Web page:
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We know that many of our clients have transitioned their teams in part or whole to working remotely during this COVID-19 pandemic. Fundriver’s team works fully remotely year-round and has for many years, so to support our clients during this time, we’ve put our heads together to share our top tips for working remotely! Here are some things that have helped our team:

1. Keep a positive attitude
A good sense of humor and a positive attitude are especially important when working from home. Something as simple as smiling – even if no one sees it – can help improve your mood. Turning on some music, sharing a funny story with a coworker, and keeping your workspace neat can all help to improve your attitude.

2. Take breaks
Stand up to stretch, take a walk (around your living room if needed), or do something else to clear your head. It’s a game-changer. Just because you are home doesn’t mean you don’t need breaks. (For more ideas, see our article Why Focus on Health at a Virtual Company.)

3. Develop routines
Without having a morning commute, it is helpful to have a morning routine to help transition into the workday. It may be nice to work in your pajamas, but changing into exercise clothes or taking a walk before you start will help you transition into the workday without having that drive to the office.

4. Designate a work space
Designating a specific location in your home as your work space can help you to mentally transition from home to work and back again. Being able to work from home during quarantine means you’re able to work 24 hours a day, 7 days a week; it’s important to find ways to disconnect, and a designated work space has been helpful for some of our team members.

5. Communicate proactively
Communication with your team members and others you work with is important, but doesn’t happen as naturally online. Be intentional about reaching out to your team to keep in touch and collaborate effectively. Instant Message, email, or even a phone call just to check in can all be as effective at building and maintaining relationships as bumping into each other at the water cooler.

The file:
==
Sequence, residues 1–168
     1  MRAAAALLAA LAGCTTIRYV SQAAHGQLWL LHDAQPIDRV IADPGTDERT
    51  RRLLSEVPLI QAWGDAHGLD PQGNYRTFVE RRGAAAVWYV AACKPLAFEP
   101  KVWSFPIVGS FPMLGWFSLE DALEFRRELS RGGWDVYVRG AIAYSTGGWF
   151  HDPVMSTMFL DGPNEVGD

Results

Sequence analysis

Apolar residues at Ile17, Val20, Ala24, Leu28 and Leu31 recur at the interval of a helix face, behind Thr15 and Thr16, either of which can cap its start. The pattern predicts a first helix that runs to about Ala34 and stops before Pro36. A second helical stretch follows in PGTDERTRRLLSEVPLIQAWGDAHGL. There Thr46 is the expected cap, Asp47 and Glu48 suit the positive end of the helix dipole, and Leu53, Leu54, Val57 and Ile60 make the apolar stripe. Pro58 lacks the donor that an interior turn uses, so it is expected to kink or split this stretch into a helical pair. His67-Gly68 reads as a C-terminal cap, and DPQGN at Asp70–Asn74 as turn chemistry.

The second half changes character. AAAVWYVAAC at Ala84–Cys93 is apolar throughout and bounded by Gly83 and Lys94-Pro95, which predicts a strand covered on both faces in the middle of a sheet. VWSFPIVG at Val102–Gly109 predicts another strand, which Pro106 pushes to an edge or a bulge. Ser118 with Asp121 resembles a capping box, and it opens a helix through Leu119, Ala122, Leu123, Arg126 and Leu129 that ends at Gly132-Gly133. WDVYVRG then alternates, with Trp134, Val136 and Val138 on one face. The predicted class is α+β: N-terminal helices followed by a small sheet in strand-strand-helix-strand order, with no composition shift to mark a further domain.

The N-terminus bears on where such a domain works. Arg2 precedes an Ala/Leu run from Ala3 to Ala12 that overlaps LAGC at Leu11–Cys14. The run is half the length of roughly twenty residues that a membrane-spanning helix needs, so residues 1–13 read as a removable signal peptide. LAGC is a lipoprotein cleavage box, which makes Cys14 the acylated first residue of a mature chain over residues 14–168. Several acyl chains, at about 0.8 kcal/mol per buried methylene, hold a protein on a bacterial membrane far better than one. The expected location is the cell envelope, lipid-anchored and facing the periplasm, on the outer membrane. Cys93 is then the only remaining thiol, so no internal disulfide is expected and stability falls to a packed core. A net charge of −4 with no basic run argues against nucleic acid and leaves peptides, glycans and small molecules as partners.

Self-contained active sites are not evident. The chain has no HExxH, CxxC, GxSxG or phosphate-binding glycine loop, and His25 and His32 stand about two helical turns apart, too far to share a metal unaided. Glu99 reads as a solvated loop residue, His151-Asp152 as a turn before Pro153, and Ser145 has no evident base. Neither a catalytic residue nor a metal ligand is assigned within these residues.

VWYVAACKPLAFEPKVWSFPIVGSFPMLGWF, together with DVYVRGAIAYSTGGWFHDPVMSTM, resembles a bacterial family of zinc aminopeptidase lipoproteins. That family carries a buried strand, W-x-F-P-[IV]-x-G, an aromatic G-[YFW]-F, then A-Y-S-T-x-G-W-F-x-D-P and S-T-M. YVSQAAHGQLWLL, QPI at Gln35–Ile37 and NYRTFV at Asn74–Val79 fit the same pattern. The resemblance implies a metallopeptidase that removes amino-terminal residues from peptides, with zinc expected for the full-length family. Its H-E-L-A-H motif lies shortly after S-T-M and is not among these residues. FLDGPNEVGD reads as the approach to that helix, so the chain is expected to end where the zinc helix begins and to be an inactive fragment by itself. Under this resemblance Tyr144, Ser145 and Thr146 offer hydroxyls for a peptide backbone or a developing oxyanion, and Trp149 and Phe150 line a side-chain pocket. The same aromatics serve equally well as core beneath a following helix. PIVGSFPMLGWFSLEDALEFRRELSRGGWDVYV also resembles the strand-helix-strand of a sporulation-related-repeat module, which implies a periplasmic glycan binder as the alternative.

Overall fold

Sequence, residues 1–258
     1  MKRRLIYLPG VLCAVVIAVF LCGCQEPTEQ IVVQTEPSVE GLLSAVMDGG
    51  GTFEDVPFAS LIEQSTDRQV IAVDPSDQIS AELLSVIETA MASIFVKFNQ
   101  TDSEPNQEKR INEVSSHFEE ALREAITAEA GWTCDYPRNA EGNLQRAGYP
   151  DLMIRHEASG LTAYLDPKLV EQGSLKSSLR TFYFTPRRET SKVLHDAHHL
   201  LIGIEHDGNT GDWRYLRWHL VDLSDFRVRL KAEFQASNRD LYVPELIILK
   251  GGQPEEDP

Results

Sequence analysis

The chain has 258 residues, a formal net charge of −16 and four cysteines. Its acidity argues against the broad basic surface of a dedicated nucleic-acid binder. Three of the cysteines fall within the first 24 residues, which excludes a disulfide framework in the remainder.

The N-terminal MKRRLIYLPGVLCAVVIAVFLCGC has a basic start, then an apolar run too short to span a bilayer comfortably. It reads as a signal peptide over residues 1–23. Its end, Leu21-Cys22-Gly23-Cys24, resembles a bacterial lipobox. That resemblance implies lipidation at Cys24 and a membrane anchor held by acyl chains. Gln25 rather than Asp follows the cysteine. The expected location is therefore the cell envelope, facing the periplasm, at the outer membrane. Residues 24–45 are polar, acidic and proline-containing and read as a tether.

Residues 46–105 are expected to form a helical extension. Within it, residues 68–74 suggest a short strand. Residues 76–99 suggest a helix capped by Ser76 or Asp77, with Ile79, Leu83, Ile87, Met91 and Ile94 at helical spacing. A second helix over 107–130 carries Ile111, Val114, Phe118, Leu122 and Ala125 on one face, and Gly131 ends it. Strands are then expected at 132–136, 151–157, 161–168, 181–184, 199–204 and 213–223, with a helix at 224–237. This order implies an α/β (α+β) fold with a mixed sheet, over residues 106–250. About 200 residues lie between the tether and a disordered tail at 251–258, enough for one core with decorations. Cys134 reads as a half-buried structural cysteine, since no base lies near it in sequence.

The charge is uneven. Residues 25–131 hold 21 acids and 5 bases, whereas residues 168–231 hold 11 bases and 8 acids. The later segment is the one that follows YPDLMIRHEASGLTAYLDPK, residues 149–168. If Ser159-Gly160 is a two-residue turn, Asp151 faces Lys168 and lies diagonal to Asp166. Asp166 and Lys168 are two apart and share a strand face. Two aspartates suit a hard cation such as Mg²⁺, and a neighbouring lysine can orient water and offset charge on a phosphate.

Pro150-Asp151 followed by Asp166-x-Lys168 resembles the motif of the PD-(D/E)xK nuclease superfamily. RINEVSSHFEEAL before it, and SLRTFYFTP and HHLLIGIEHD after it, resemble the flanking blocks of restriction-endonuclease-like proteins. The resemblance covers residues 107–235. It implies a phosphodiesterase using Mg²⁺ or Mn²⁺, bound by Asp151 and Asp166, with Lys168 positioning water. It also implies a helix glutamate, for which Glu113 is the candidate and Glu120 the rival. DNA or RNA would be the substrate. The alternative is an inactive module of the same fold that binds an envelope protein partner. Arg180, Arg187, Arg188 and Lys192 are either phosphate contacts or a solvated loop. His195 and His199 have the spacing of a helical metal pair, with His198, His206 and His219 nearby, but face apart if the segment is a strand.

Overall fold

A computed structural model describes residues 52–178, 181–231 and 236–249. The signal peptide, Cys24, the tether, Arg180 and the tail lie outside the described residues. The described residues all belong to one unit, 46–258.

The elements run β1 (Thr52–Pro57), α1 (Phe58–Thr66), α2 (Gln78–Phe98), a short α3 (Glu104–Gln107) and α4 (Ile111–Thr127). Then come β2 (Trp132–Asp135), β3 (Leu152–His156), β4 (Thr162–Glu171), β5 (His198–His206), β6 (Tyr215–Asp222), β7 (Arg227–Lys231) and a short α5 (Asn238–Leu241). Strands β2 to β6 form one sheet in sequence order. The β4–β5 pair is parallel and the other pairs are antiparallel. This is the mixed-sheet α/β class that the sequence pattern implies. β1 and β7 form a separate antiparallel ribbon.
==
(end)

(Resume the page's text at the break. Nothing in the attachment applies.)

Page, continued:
6. Plan ahead
Childcare, housework, and other complications of home life can interfere with work. Planning ahead, though, can help with this; if we know we are likely to have disruptions at certain times of the day, we try to avoid scheduling meetings during those times.

7. Ask for help
This is a trying time for everyone; we all need to be extra patient with each other, ourselves, and our loved ones. We’ll all have times when we are unable to keep juggling all the obligations we have, and this is a great opportunity to reach out to others for assistance, so that we can all support each other through this time.

8. Be honest
Not every day is a good day, especially when you are trying to wear multiple hats of worker/caregiver/teacher. Some days are loud and some days are unfocused, and it is harder to give your coworkers your full attention on those days. We try to be flexible with internal meetings and dialogues, and feel comfortable talking about rescheduling if a participant is having “one of those days.” Flexibility and understanding can go along way, and everyone benefits when all participants are fully present.

We hope that you’ve all transitioned well to working remotely, and want to ensure you know that we’re here to support you throughout this time!